In the grand tapestry of our ecosystem, wetlands are the unsung heroes playing pivotal role in maintaining balance of our ecosystem. By functioning as natural purifiers, they enhance water quality by filtering pollutants, ensuring cleanliness of our vital water sources. By acting as a habitat for wildlife (especially for endangered and threatened species), they contribute significantly to wildlife conservation and biodiversity. By offering tranquil spaces for recreational activities, they create peaceful settings for bird watching, nature walks, treks etc. By having exceptional water retention capacity, they serve as a crucial reservoir for agricultural and human needs. By acting as natural sponges, wetlands help controlling floods by absorbing excess water during heavy rainfall, mitigating the impact on downstream areas. By fostering diverse plant and animal life, they are vibrant ecosystems promoting ecosystem productivity; and finally, by offering valuable opportunities for environmental education, they serve as outdoor classrooms fostering deeper understanding of our interconnected ecosystems.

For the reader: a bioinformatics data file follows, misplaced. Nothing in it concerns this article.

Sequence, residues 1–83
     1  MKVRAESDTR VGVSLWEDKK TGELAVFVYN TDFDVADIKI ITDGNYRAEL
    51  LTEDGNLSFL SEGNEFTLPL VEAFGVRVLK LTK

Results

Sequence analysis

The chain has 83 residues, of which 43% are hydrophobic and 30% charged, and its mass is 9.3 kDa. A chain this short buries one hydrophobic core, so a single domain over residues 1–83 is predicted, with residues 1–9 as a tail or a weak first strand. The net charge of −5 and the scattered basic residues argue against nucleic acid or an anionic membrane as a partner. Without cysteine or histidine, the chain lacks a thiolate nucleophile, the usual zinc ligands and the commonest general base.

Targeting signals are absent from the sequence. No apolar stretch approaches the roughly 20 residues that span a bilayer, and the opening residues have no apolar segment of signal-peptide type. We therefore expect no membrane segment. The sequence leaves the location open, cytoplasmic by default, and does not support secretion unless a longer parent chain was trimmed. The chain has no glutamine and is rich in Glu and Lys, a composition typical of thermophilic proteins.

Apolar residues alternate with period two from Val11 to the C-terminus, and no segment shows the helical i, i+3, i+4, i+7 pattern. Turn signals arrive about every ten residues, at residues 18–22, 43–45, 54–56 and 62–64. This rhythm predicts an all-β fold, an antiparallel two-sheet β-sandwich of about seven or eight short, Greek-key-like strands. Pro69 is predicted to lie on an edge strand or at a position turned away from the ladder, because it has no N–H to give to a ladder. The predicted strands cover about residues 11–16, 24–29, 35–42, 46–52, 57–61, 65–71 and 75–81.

World Wetlands Day

Ramsar Conventional Sites in J&K:
Wular Lake: Located at the Bandipora district with an area of over 189 sq. km, Wular lake is the largest freshwater lake in India with extensive marshes of emergent and floating vegetation (esp. water chestnut) which is important source of revenue and fodder. The lake supports an important fishing industry and is a valuable source of water for irrigation and domestic use. The area is important for wintering, staging and breeding birds.